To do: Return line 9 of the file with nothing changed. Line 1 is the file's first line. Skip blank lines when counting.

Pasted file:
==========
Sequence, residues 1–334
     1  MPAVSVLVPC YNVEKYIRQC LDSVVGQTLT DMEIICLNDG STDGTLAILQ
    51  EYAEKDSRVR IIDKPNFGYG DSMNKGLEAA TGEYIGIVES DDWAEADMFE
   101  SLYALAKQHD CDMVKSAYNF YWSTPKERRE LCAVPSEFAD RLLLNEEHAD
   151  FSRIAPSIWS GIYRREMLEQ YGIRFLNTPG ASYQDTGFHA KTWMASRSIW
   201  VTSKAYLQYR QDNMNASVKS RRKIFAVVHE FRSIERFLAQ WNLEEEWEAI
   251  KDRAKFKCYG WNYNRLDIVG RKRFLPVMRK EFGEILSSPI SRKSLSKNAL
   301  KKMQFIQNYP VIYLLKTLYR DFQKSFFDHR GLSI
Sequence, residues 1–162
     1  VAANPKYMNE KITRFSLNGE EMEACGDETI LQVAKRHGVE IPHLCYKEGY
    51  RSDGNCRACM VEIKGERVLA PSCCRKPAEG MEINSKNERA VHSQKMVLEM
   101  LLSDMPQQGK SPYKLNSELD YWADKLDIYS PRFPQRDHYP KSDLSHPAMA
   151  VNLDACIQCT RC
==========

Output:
Sequence, residues 1–162